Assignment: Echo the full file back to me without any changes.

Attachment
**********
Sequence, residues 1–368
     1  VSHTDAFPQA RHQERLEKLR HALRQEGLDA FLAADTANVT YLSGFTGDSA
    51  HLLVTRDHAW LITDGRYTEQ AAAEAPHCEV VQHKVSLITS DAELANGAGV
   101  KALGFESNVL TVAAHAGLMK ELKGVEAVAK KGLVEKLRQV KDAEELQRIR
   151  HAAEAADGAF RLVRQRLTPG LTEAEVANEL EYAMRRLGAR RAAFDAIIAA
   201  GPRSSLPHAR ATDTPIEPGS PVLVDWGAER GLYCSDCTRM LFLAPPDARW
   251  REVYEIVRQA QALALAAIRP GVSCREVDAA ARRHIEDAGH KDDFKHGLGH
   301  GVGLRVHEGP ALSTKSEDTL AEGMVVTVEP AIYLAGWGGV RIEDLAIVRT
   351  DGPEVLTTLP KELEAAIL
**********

Sequence, residues 1–368
     1  VSHTDAFPQA RHQERLEKLR HALRQEGLDA FLAADTANVT YLSGFTGDSA
    51  HLLVTRDHAW LITDGRYTEQ AAAEAPHCEV VQHKVSLITS DAELANGAGV
   101  KALGFESNVL TVAAHAGLMK ELKGVEAVAK KGLVEKLRQV KDAEELQRIR
   151  HAAEAADGAF RLVRQRLTPG LTEAEVANEL EYAMRRLGAR RAAFDAIIAA
   201  GPRSSLPHAR ATDTPIEPGS PVLVDWGAER GLYCSDCTRM LFLAPPDARW
   251  REVYEIVRQA QALALAAIRP GVSCREVDAA ARRHIEDAGH KDDFKHGLGH
   301  GVGLRVHEGP ALSTKSEDTL AEGMVVTVEP AIYLAGWGGV RIEDLAIVRT
   351  DGPEVLTTLP KELEAAIL